Julia’s first race of the 2015 season was 70.3 Mallorca: “I had to work hard all day. I was really looking forward to the climb up to Lluc Monastery. I have done a lot of training sessions there but it was so hard going up there in the race. The run didn’t feel much better, maybe I just needed to clear the cobwebs in my first race of the season.” This assessment is typical Julia, she actually finished 2nd behind Daniela Ryf and was in front of athletes such as Yvonne van Vlerken, Tine Deckers, Michelle Vesterby or Kristin Möller. She finished her next race – the “home race” 70.3 Kraichgau – in 2nd place as well. This time Camilla Pedersen was faster, but Julia felt better about the race: She improved her bike split by four minutes compared to last year where she won the race. Everything went really well in her 3rd race, 70.3 Luxembourg. She posted the fastest times in all three legs and won her first race of the season.
Julia appears to be on a good progression towards her first big race of the season, the European Championships in Frankfurt on July 5th. After her Kona result, she is in a comfortable position for Kona qualifying; she only needs to finish the race for a July slot. However, she has bigger goals for the race: “Frankfurt is my first A race for the season, and it’s definitely not a race I just want to finish for my Kona slot. My goal is to finish on the podium.” She’s the main German contender in the field headlined by the “showdown” of the two Swiss athletes Daniela Ryf and Caroline Steffen. But she’s not content with 3rd place: “Over the 70.3 distance Daniela was in another league, but an Ironman is a different thing. I’m pretty sure that Daniela will shoot for a new bike course record [currently 4:44 by Natascha Badmann] and also the overall record [8:51:24 by Chrissie Wellington]. The last few years there were a few times I was close to Caroline. If I have a good race, maybe I can tease them a bit. Maybe I can post a new personal best over the Ironman distance [currently 8:51:04] and I’m also targeting to run sub-3. But the run course in Frankfurt is pretty slow, all the bridge ramps will hurt in the third and fourth loop.”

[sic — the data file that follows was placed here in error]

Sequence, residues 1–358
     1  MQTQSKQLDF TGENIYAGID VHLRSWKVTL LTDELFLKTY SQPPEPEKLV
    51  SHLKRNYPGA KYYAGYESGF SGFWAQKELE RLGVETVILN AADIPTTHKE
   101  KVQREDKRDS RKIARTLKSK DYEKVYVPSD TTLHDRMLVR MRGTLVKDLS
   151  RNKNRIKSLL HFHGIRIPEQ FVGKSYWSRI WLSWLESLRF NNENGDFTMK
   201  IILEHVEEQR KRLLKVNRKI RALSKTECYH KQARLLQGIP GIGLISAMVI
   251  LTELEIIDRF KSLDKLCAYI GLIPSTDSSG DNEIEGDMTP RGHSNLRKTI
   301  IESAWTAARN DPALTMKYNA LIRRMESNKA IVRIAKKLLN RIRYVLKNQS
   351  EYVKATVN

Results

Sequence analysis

The field in the Regional Championships is always deep, and she’s aware she can easily finish further behind: “There are going to be a lot of fast girls, and beating them won’t be easy.” Among these athletes are Kristin Möller, Sonja Tajsich or Astrid Ganzow (Stienen) that would love to be the top German finisher. There’s also a big group looking for a good result to qualify for Kona including Michelle Vesterby, Tine Deckers, or Ruth Brennan-Morrey. (To have a look at the full Pro field, check out my predictions post for Frankfurt.)
She hasn’t decided how her final Kona prep will look like. “In 2014 I was training at home and flew to Kona two weeks before the race. This year I’ll probably join Wolfram’s group [last year they prepared in Clearmont, Florida after the 70.3 Worlds], but we’ll figure out the details after Frankfurt.”
Obviously, the focus of her season is Kona. “I want to have my best and strongest 2015 race in Kona. I’m not sure what I’ll be able to do, there is so much changing in the female races! Last year most of the pressure came from me, this year it’ll be a different story. A lot would have to happen for me to finish on the podium, my main goal is to have another focused and mentally strong race. I’ll be satisfied if I have given everything, even if I end up in 8th or 10th place. Things are so close between 6th and 15th place and a few minutes can make a big difference.
“Looking beyond 2015 .. the Kona podium is a big goal, and winning the race would be an absolute dream. After this year I’ll have a better picture if I have the confidence to go for it.”
PhotoCredits: Privatbrauerei ERDINGER Weißbräu (Roth Finish), Markus Gajer (Kona Run), Wolfram Bott (Training on the bike)